After the “Rubrica libri chori domini decani” (list of the chants for the offices of some saints: Thomas Becket, Florian, Cantius Cantianus and Cantianilla …, f. 2r), there follows the gradual with added temporale and sanctorale. Then there are trops (f. 6r); offices of the dead, offices of devotion and other different circumstances (de sancta Maria, pro pace…); some Hallelujahs (f. 212r); a kyriale with troped and polyvocal pieces (f. 223r); the troper: Benedicamus Domino and responsories (f. 247r-260v); a Sequentiary (f. 261r-347v). The codex dates back to the end of thirteenth – beginning of the fourteenth century. Its provenance from Cividale is proved by the collegiate church dedication date (July 1st) and by the peculiar series of the Mass Alleluia shared with other local sources. On f. 216v a rubric introduces the hallelujah Felix corpus, to be sung in the offices of the Virgin, the composition of which is assigned to the Dominican cardinal and musician Latino Malabranca († 1294): Istud alleluia fecit frater Latinus fratrum praedicatorum venerabilis cardinalis Hostiensis et Velletrensis episcopus. In the hallelujah repertoire of the ms. Cividale LVI there are other interesting melodies and a number of trops that wholly draw on the hallelujah melody. These are easily recognizable since they are syllabic, that is to say they usually have a single note on each syllable, while the original Alleluia sections are with melismatic fioriturae of several notes and entire vocalises (melisma) on some syllables. A rubric of the codex reminds of a peculiar performing praxis: the trop is sung by two chanters on the pulpit placed in the middle of the choir, while the remaining parts of the Alleluia are sung by the chorarii (f. 148r). It is also remarkable the C C (do do) variant (instead of H H always present both in the Alleluia and in the trop parallels) in the cells 140 and 141 of the codex LXXIX: the raising to the minor third instead of the second (A C instead of A H) is a clear sign of the familiarity with the so-called ‘Germanic dialect’ which has left a deep mark in the melodies conveyed in the Friulian and South-Tyrolean areas.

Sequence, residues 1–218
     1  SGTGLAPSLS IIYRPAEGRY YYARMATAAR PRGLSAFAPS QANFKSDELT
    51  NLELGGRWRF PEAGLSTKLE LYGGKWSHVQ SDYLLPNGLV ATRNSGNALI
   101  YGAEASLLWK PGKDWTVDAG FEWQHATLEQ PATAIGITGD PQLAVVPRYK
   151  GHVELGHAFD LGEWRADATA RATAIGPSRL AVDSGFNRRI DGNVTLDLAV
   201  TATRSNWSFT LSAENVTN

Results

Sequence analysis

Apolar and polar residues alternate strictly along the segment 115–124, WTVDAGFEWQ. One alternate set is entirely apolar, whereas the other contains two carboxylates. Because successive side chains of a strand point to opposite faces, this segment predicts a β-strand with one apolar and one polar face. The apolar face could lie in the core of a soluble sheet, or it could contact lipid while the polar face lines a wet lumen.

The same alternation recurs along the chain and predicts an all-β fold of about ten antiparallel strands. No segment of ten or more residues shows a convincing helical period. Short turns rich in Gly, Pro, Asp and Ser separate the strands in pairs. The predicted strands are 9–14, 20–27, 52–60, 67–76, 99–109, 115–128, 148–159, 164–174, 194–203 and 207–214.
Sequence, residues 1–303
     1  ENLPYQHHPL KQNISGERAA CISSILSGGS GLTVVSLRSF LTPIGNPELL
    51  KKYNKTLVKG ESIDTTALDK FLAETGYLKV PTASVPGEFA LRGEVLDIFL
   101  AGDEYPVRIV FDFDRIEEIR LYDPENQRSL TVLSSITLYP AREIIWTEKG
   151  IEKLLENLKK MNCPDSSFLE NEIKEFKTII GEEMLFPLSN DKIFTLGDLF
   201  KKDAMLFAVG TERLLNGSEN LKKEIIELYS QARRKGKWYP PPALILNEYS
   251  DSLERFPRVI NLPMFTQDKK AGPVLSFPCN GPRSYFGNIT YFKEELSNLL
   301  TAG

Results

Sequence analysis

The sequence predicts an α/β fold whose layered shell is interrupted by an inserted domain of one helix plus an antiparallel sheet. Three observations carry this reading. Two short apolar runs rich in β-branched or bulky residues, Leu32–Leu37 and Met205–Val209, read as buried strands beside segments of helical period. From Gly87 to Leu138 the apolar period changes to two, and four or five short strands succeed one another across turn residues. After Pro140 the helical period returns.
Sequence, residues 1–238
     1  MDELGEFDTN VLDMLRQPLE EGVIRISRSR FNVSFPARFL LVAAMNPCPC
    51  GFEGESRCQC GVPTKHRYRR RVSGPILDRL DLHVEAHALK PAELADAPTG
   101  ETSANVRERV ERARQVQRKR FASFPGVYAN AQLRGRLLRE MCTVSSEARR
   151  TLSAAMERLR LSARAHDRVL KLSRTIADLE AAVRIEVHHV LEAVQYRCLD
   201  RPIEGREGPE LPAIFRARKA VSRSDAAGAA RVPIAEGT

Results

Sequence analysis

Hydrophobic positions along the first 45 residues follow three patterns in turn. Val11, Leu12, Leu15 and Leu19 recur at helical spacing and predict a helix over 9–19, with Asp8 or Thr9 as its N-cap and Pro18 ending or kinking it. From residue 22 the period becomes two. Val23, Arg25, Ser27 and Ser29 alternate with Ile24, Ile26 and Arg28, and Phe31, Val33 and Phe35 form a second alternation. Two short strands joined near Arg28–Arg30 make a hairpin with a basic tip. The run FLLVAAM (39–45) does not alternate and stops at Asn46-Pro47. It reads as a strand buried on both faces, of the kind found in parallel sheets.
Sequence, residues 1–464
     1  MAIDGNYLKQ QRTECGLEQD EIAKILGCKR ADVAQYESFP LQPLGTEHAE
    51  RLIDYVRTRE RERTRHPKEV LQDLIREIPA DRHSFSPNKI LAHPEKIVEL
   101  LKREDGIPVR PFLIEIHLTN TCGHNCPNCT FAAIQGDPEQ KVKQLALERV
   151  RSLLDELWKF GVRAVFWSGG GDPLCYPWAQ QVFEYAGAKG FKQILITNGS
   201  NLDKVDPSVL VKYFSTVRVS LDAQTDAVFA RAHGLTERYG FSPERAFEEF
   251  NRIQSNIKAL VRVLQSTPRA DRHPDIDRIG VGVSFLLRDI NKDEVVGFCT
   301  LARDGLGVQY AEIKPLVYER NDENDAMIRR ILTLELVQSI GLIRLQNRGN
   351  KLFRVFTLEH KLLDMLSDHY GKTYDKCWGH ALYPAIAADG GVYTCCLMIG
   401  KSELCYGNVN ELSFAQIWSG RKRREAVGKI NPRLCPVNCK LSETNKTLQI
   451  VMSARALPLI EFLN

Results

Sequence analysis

- S. XIII (post 1291) – XIV; parchment; mm 360 × 250; ff. I, 348, I’. Square notation on red tetragram.
- Cividale del Friuli, National Archaeological Museum. Archives and Library, codex LVI
Written for the Church of Cividale, whose dedication day is here recalled, the codex witnesses the Germanic tradition impact on the Friulian area melodies.